Loving v. Virginia allowed every interracial couple to marry and exist freely—including me and my husband, who married in 2014. I met my husband when we were both in the cast of the musical Rent. Our connection was and has always been really easy and drama-free. We travel well together, we laugh, cook, and dream together, so when he asked me to marry him in front of the Taj Mahal (yes! that Taj Mahal) I never gave it a second thought. Walking in the footsteps of the Lovings should have made our union seamlessly co-exist, but my experiences have shown me otherwise. Because of this, there are a few things I need those who don’t understand mixed-race marriage to know:

Your silent disapproval doesn’t go unnoticed

During one of our travels, we took a few friends along with us on a trip to India. The night before we were set to go on a safari, the lodge guests, including my husband and friends, were sitting around a campfire after dinner. There was a white couple who began asking us the usual traveler questions such as, “Where are you from? What do you do for a living?”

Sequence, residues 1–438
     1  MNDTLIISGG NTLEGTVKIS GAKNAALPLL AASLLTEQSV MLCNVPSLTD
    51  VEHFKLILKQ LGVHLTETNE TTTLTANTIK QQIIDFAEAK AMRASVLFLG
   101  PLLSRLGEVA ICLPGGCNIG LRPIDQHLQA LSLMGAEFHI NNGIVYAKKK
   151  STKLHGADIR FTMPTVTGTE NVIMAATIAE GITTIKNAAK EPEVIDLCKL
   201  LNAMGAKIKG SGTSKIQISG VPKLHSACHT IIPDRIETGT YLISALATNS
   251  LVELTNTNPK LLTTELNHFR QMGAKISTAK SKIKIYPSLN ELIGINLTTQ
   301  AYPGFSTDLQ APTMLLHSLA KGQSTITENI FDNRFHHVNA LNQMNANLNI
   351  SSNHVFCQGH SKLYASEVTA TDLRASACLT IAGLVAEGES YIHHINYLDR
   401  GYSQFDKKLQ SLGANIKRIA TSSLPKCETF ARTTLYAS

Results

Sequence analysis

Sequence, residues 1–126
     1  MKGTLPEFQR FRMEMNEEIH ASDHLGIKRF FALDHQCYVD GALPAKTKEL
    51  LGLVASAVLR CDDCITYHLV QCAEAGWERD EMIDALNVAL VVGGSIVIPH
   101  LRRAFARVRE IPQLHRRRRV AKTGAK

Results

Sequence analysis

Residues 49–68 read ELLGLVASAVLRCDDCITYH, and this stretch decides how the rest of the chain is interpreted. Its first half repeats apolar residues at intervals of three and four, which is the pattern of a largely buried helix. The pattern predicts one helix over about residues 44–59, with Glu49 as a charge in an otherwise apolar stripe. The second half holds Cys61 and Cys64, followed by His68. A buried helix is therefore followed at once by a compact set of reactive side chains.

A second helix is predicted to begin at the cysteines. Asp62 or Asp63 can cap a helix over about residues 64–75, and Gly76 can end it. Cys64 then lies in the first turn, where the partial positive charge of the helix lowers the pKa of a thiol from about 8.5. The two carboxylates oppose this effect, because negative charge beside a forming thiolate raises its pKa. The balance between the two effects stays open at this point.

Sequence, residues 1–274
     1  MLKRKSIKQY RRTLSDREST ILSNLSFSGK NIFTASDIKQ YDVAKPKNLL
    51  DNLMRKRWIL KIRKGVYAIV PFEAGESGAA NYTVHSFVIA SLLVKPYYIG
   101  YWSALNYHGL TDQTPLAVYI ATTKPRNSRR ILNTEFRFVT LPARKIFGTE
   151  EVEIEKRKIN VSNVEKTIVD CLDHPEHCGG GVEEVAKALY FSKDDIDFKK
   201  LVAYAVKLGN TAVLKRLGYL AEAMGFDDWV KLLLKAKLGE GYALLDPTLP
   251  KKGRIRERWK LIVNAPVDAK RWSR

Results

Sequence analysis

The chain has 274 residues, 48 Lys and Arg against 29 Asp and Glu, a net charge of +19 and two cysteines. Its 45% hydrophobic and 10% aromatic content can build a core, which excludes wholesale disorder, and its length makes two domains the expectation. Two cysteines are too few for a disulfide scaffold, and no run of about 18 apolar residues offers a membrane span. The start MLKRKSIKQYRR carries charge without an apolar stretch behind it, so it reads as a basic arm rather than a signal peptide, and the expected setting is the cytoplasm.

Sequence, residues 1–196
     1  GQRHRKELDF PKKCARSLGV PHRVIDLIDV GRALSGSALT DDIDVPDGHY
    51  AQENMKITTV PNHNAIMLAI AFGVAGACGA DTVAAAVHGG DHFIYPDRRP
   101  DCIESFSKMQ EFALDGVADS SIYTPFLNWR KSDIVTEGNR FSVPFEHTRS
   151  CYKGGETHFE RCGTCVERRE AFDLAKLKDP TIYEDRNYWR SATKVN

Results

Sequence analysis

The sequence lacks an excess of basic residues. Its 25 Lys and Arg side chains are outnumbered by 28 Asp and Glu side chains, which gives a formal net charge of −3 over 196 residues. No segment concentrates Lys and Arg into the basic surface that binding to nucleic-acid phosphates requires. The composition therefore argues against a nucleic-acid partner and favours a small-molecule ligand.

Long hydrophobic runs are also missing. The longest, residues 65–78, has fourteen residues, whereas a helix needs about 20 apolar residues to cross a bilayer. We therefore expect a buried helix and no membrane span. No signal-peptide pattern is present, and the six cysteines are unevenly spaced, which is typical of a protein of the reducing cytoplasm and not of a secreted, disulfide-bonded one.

The couple then asked my husband, who was the only male in the group, “Who are you here with?” My husband said, “My wife and our three friends.” The man then turned to my friend (who was the only other white girl our age) and asked her, “How long have you guys been married?” My friend’s eyes got wide and she exclaimed, “I am not his wife, she’s his wife.”

Now, I was sitting in a chair off to the side watching this all go down, as this was not my first experience with this type of reaction, patiently waiting to see how all of this was going to play out. The couple looks at me, back at my husband, and at me again, trying to calculate and make sense of us. They even had the audacity to ask again, “She’s your wife?” They were in total disbelief. That couple easily allowed their minds to accept a white couple, but a mixed-race couple was out of the question. 

Experiences like this happen more often than not. People staring longer than they should, the whispers as we walk by holding hands, and the raised eyebrows we get as we introduce each other. While most people won’t directly say anything to us, the small gestures of continual disapproval of our mixed race marriage are like tiny little paper cuts felt all over.